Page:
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  • Writer's pictureDr. Anthony Lilles

Father Peter Carota - Rest in Peace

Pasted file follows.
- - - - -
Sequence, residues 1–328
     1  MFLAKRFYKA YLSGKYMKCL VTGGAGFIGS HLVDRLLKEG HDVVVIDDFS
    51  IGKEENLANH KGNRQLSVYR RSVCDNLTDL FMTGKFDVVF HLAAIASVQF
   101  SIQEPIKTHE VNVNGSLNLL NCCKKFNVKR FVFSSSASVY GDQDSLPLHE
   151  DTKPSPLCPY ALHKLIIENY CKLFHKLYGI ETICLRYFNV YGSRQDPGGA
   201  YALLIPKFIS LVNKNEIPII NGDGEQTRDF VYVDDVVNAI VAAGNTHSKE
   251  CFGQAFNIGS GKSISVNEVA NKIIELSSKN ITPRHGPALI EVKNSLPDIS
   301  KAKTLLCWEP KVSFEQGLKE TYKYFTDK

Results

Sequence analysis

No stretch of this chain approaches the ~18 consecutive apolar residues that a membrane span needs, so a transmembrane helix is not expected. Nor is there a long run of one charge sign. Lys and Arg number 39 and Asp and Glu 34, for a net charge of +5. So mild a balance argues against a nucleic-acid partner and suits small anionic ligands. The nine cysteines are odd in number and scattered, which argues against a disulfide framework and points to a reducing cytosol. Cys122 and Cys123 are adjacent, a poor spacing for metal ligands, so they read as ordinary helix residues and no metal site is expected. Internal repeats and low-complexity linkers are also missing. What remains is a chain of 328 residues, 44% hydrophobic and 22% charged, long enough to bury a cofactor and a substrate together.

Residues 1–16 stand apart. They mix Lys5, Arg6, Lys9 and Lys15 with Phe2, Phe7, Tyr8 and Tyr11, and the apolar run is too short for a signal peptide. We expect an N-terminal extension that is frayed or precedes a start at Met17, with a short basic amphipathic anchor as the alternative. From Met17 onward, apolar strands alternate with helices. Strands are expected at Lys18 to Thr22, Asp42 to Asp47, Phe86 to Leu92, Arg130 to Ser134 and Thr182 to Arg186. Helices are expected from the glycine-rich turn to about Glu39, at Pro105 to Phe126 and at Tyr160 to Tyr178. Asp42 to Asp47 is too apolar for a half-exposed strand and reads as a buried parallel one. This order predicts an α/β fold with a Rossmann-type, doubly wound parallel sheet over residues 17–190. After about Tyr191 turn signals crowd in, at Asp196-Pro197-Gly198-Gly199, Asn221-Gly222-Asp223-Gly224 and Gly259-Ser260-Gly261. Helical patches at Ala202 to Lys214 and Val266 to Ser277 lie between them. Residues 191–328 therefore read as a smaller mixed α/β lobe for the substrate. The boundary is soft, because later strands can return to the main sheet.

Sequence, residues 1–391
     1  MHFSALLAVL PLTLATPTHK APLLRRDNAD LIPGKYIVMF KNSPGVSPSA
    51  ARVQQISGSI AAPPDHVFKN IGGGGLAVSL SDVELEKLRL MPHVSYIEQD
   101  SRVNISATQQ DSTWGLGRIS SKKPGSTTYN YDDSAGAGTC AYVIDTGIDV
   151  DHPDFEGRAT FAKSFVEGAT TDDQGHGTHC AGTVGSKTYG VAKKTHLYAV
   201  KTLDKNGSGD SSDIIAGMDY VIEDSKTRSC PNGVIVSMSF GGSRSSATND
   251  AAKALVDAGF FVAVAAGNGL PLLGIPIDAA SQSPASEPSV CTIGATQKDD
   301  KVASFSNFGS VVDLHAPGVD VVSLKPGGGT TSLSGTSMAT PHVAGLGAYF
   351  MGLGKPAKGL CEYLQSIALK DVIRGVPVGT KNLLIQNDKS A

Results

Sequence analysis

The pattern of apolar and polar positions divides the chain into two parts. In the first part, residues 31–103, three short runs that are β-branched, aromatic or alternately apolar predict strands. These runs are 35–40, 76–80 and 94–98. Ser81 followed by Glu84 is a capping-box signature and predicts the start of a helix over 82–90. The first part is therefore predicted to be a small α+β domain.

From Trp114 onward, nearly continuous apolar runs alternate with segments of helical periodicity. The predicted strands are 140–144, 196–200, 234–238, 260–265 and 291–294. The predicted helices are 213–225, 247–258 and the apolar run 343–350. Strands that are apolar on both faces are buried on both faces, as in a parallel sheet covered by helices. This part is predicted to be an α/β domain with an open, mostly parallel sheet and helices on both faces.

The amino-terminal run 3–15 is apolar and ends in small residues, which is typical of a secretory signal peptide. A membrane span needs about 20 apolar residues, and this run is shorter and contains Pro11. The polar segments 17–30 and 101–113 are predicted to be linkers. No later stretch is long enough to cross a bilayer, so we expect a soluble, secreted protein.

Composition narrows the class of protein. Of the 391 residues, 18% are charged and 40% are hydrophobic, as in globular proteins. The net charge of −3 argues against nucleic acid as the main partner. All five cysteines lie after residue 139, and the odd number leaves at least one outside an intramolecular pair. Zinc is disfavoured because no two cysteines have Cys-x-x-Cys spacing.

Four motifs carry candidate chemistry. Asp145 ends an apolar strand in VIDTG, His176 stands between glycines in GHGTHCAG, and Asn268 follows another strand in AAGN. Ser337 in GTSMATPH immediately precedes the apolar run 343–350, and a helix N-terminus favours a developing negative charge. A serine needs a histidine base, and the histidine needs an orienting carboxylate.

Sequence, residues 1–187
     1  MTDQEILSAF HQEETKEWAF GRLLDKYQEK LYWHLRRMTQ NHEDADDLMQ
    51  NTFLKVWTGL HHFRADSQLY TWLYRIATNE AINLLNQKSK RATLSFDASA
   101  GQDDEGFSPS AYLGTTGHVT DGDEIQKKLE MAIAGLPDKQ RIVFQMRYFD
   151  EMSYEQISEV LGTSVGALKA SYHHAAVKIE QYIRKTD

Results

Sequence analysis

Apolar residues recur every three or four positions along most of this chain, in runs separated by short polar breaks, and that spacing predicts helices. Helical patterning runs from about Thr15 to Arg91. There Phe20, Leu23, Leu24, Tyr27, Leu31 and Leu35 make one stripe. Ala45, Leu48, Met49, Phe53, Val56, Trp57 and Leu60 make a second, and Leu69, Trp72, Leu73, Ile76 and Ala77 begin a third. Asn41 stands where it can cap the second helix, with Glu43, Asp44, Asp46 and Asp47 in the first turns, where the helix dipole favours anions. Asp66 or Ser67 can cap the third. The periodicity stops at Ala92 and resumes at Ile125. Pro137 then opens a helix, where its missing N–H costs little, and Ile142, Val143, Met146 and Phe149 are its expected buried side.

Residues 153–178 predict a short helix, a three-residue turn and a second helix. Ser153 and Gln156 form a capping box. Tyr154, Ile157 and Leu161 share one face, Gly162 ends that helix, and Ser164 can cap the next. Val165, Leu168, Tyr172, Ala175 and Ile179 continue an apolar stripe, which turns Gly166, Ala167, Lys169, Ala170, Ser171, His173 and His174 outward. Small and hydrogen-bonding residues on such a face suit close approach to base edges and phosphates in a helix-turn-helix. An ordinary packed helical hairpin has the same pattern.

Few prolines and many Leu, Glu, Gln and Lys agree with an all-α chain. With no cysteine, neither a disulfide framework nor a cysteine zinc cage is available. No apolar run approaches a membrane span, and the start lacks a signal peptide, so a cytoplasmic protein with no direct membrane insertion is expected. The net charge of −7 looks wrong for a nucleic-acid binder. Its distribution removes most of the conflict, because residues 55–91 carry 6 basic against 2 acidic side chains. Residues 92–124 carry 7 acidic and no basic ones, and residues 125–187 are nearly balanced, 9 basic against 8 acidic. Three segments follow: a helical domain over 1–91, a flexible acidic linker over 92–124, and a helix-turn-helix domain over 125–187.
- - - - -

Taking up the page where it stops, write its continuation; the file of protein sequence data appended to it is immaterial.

The question in the parable of the Sheep and the Goats, “When did we see you, Lord?”articulates a profound hunger for the truth that haunts the Church today. This same question lives in the French novelist Georges Bernanos's Diary of a Country Priest. In this work, Bernanos explores how the gift of grace is such that even a priest can be completely misunderstood, and the meaning of his death beyond the power of even his own religious imagination to fathom. Just as Bernanos's country priest's life was depicted under the veil of obscurity, the life of someone who spends himself serving others out of devotion to Christ can suddenly end in a manner that is difficult to accept. It is here, before this precipice, that prayer humbles us before the mysterious designs of Divine Providence secretly at work in each soul. Recently, I went to the memorial mass of a priest and dear friend, Father Peter Carota. Years ago, in answer to the prayers of a small parish prayer group, God brought him as a layman to Holy Cross Church in Santa Cruz, CA. He began to feed the hungry in our community and draw many of us with him into the joy of this work. Eventually, a small community of the most unlikely group of friends formed at the Saint Francis Soup Kitchen. Peter had us spending holy hours together, going to daily mass, praying the liturgy of the hours, feeding the hungry, helping the homeless find shelter, serving the mentally ill, distributing clothing, helping with crisis pregnancies, and marching in public protests against abortion and drug trafficking. We also consecrated ourselves to Mary together and formed deep spiritual bonds of friendship that helped us discern our vocations and grow in holiness. I joined the staff of the soup kitchen after trying religious life. Filled with big life questions, but wanting to use my life for the service of God, I was drawn to Peter because he did more than simply think and talk about such a gift of self: he was busy pouring himself out for others all the time. His was a love for God expressed, in action, in the flesh. After a couple weeks of hard work, we would periodically withdraw for longer periods of prayer in an old barn that a local family let us fix up and use for retreats. During one of these periods of prayer, Peter shared how his faith became more real when he responded to a call from God to help with orphans in Brazil some years before. The idea of doing something so different from what he had done until then came up in conversation but was confirmed in prayer. He also shared that dropping all his own plans to respond to this call opened up his spiritual life to a more radical following of the Lord. God's love was not a remote ideal for Peter, it was an expressed and present mystery that evoked a generous gift of self in the concrete here and now. God was always implicating him in the plight of his neighbor. He had been a successful businessman who quickly realized all his earthly desires, but in Brazil he came to desire only to serve God even more completely. Out of devotion to God, he made a personal commitment to celibacy and to poverty. He also felt the Lord call him back to Santa Cruz to start a soup kitchen, a pro-life clinic for women struggling in difficult pregnancies, and a home for the homeless mentally ill. About the time that I had joined the staff, all three of these dreams were realized. Mother Teresa would even call on occasion to encourage him and his staff. Now, on this retreat, Peter shared how the real hunger that he saw was not for earthly food but for spiritual. He had fed people's bodies, but not their souls—and his heart was pierced by their need for someone to minister to their faith. He believed that God had called him to become a priest. His pathway to the priesthood was not easy. Many in the Church considered him too radical and others too conservative in his piety. Those judgments simply never resonated with me. He was above all, a man who loved God and loved all those God sent to him. True, his life of prayer and poverty was intense, but it also gave him spiritual freedom to serve those most in need. In fact, he could bridge any culture, any station of life, any desperate circumstance. He had the art of connecting with those who most needed a word of hope. He did not always say things people wanted to here, but he always said what they needed to hear. He did so straightforward and humbly. Eventually the Diocese of Stockton sponsored him and he served as a priest for many years, maintaining the same discipline that we observed in the Soup Kitchen Community—but now offering it as a parish priest, forming his parishioners in a deep and abiding life of prayer. He discovered the beauty of the ancient observance or extraordinary form of the Roman Liturgy. He was captivated by the profound reverence and order of the ritual. He loved the mystery of the Latin. He discerned the lack of beauty in our culture and even the failure to fully appreciate beauty in the Church. He knew that people were hungry for this beauty, that they needed something to lift them up above the banal work-a-day material world. Soon he became zealous that others should experience the splendor that he had come to treasure. His love for the Latin Mass, however, just like his radical discipline of life, was not always appreciated. He eventually felt that he needed to leave the active ministry in his diocese to devote himself to even deeper prayer and to promoting the form of the mass that had so spiritually benefited him. He who had served the homeless and mentally ill now found himself without a home and under great mental stress. He lived hermetically for time in a remote location. Whether he received sufficient counsel during this time, I do not know, but something snapped physically with his body, and perhaps in other ways too. Like the priest depicted in Thanatos Syndrome by Walker Percy, he was drawn to more and more severe forms of penance, while at the same time he suffered from self neglect and a refusal to eat. He was given permission by his Ordinary to remove feeding tubes at one point, and died soon after. Similar to the novel Diary of a Country Priest, this story does not have any apparent happy ending. On the surface, it appears that a broken priest who helped so many other souls somehow lost his will to live and would not take care of himself. He saved others but... Was it discouragement, a mental breakdown, a rash attempt to do penance? I do not know. Whatever he was wrestling with at the end and whatever his failures might be, we can not say that his actions in his last days ultimately defined his life. We have good reason to hope that those who have given themselves to God, even when they seem to make rash judgments, are defined not by their failures or inadequacies, but, even when their response is completely hidden from us, by the mercy of the One who calls to them. My own faith is part of the fruit of Father Peter's love for God in action. The ways that I was blessed are only a very small part of a much larger story involving the wonderful things he accomplished as a parish priest, and all those whose distress he relieved as a layman—God knows all of this better than anyone else. He also knows the mysterious Cross that Father Peter carried in the end in a way that no one else can. Whatever went on in the last days and hours of his life, I also know that there is a mysterious voice that resounds and fills our brokenness if we let it. It sings in the difficult darkness of our times. That voice calls out to surprise the un-knowing servants of the Lord, who must also include men and women like Father Peter: "Come, thou blessed of my Father...when I was hungry, you gave me to eat."